You’d think working on a comedy would be a fun-filled, joke-laden romp.
As you may have heard, comedy’s a tough row to hoe. Everybody has a different take on what they consider funny, so it takes a lot of work.
One of my current endeavors is overhauling a low-budget comedy spec. It’s been a long, slow process – with a lot of moments of frustration and aggravation.
When I write, sometimes I just overthink things, which makes feeling stuck seem that much bigger and insurmountable. Not uncommon.
It probably also doesn’t help that writing comedy is a totally different world than writing a rollercoaster ride-type adventure. The latter has definitely gotten easier for me, while the former…
Let’s just say I’m still on a bit of a learning curve.
Despite all the obstacles, there’s still one powerful positive about this – I think it’s a fun concept with a new and unique approach and, if executed properly, would be a really good script.
So I do what I can to work my way through.
K could see the toll the stress was taking on me, and suggested I hit the metaphoric pause button and simply take a couple of deep breaths to help clear my head.
And wouldn’t you know? It did help.
After that last exhalation, the problems don’t seem as huge. Sure, they’re still there, but what originally seemed like “How in the world am I going to do that?” has now turned into “There is a solution here, and I shall find it.”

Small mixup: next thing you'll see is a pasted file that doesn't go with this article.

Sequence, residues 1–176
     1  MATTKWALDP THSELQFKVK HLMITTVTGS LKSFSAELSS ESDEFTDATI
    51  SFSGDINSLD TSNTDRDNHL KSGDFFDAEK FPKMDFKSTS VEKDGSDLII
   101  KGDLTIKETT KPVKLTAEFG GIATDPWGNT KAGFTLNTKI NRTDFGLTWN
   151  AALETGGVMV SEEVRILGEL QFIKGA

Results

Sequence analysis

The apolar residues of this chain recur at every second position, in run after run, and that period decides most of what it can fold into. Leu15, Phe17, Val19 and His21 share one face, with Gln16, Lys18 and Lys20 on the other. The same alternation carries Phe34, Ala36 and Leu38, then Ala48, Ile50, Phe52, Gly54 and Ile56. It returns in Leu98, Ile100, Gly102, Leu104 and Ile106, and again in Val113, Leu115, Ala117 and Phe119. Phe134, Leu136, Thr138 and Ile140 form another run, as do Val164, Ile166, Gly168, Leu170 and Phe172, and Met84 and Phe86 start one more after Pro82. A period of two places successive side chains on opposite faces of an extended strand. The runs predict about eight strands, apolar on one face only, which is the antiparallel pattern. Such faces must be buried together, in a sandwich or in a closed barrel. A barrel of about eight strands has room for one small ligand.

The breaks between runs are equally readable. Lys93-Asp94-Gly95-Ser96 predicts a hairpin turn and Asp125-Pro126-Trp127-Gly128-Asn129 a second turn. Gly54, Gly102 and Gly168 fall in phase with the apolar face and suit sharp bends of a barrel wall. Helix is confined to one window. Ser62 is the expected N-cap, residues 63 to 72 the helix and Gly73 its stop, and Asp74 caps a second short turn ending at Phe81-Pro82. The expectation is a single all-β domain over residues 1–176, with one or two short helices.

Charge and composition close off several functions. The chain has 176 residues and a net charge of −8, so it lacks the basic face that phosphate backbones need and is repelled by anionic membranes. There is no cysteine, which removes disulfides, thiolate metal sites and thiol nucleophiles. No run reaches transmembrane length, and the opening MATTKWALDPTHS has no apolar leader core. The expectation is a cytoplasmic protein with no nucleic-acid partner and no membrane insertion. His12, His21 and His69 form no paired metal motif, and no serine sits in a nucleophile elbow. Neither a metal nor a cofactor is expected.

A little calm and rational thinking can do wonders to help you regain and maintain your footing after a little stumbling. I heartily recommend it.
2 thoughts on “In with the good air…”
You just sound human. And normal.
One of the more interesting things I’ve learned: Whatever you want to accomplish on-screen, there is always a solution. Within the limits of character, surprise is always good. In humor, surprise is vital. Humor, moreover, is as unexpected to you when you’re hunting for it as it will be to the audience when they see it. Anything that violates the audience’s expectations will be funny at some level.
Case in point: “Lady Felicia” screams in (almost) every episode of “Fr. Brown.” We expect it; it’s set up as part of her character. In one episode, a body is discovered (as usual). As Lady Felicia opens her mouth for her scream, another character dashes in front of her, screams, and rushes away, leaving Lady Felicia standing there, preempted, agape. Total screen time, about 2.5 seconds.